A Sad Day

Often I take to my keyboard to post a new blog when I’ve snapped a cool shot, or feature a day when something really great has recently happened.

Today is not one of those days, however. And this isn’t one of those blogs.

Truth is, today my heart is heavy.

It became that way when I got the text that read, “We lost Chicolet’s foal.”

Four little words. They sent my day into a tailspin. I started blinking. I wanted to crumple up in a pile on the floor.

I wanted to wake up from this bad dream.

I think I had known ever since I first saw Chicolet just after 6:00 am this morning. There were 2 little hooves presenting themselves evenly and pointing to the right. She was sweating profusely. And it looked like a tornado had been through her stall. And despite all this, I still had hope that a healthy foal would be delivered.

But it was the text that finally made me realize it wasn’t to be so.

*****

Backing up so you know the full story, my husband had checked the mares at 2 am last night and Chicolet was showing the same small signs of waxing that she had been for several days, but she did not look any closer to foaling. So we figured she would be okay until feeding at 6 the next morning. And we knew she was becoming more overdue with every passing day, therefore we were keeping a pretty close eye on her. Everyone at our barn was.

But as it is with mares, they always seem to foal when you least expect it. And when our barn manager, Kim, alerted us first thing at feeding this morning, things sounded grim right from the start. I brushed my teeth quickly and threw on some jogging pants. I didn’t even give myself time to kiss my babies a quiet “Good Morning” before running out the door.

And as soon as I saw Kim’s face, I knew things weren’t good. One look at my very large pregnant mare, Chicolet, confirmed my worst fears. And then a glimpse of the two hooves emerging from her hind end, without a little nose following along put it all into perspective. A malpresentation was happening. Five minutes after I entered the barn, my neighbor Caroline who is a vet also came over to help. Chicolet was palpated and Caroline searched for the foal’s head, but could not reach it. At this point we suspected that the head had become stuck before entering the birth canal and with its long neck reaching backwards, it was almost impossible to readjust.

Shortly after 7 am, we had Dr. Chris Berezowski in our barn to see if there was anything he could do to help the situation. But unfortunately, he immediately knew that Chicolet would need to go to the Moore and Company Vet clinic, to use special equipment they had for extracting foals in such a position. The great mare she is, Chicolet loaded into a stock trailer and Dr. Berezowski sedated her. Clay and Kim then quickly drove her to the Balzac, AB, clinic where the vets would have to work fast if there was any chance of her survival. At this point, we knew there was a slim to no chance that the foal would live.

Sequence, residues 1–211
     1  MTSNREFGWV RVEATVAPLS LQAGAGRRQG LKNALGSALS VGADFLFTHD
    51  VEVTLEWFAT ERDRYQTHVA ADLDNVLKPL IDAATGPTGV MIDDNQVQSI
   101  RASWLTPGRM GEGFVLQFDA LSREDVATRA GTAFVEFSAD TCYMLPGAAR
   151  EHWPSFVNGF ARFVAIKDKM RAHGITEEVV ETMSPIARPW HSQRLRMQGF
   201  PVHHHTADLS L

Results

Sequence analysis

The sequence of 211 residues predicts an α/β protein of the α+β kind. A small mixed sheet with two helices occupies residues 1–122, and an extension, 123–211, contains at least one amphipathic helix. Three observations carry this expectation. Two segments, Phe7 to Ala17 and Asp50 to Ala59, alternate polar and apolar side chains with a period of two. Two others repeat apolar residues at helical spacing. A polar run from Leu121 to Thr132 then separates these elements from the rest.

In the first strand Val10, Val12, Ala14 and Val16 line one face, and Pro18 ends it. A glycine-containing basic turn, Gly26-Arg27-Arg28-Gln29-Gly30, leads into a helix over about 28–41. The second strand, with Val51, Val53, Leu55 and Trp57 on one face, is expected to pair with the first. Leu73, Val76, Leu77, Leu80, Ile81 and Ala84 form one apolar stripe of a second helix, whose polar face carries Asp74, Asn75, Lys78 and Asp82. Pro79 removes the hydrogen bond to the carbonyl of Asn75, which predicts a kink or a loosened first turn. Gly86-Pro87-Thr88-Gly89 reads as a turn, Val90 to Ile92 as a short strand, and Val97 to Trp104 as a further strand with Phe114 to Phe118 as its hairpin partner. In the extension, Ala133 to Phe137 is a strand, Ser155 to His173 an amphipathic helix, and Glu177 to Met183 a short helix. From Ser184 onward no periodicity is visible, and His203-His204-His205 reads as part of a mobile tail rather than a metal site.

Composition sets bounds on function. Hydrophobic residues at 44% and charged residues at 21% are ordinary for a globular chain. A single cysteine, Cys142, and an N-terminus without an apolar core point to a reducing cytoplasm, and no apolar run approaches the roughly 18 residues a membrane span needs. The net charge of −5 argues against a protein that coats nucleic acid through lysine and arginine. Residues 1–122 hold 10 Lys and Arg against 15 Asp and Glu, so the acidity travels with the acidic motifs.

*****

Chicolet pictured here with her 2008 colt. She has been a fabulous show horse and mother.

After a 35-minute drive, Chicolet was anesthetized and hoisted up by her legs so the foal could be pushed back into the uterus and repositioned. The hoist was necessary if we wanted to save our mare. Finally, Dr. Berezowksi was able to get the foal positioned properly to come through the birth canal.

As it stands now, Clay left Chicolet at the clinic so she can receive the proper antibiotics she needs to bypass any infection that could threaten her now and to pass her placenta. She is under close observation for any secondary complications that may occur as a result of her dystocia, but Dr. Berezowski is giving her very good odds for recovery. We even tried bringing an orphan foal in, to see if Chicolet could help it and vice versa. However, my mare has rejected the baby. It is not meant to be.

It’s been a difficult day, but the two smiling human baby faces staring back from their play area bring me back to reality in a real hurry. Holding them helps. A lot. I am sad about the loss of this colt (it was a beautiful sorrel colt, by the way), but thankful for what I do have. I am extremely grateful to be surrounded by great neighbors. Thankful for being so close to a vet clinic that could deal with such a difficult situation in a timely manner. And thankful that my mare will live.

I know they’re animals, but it’s hard not to get emotional when one that you care so much about is in danger or pain. And the foals have a particularly special place in my heart.

It would be fabulous if I could just blog about all the wonderful things that happen in my life, in our barn and with our horses. I could do that. But I would be lying, because that just isn’t life.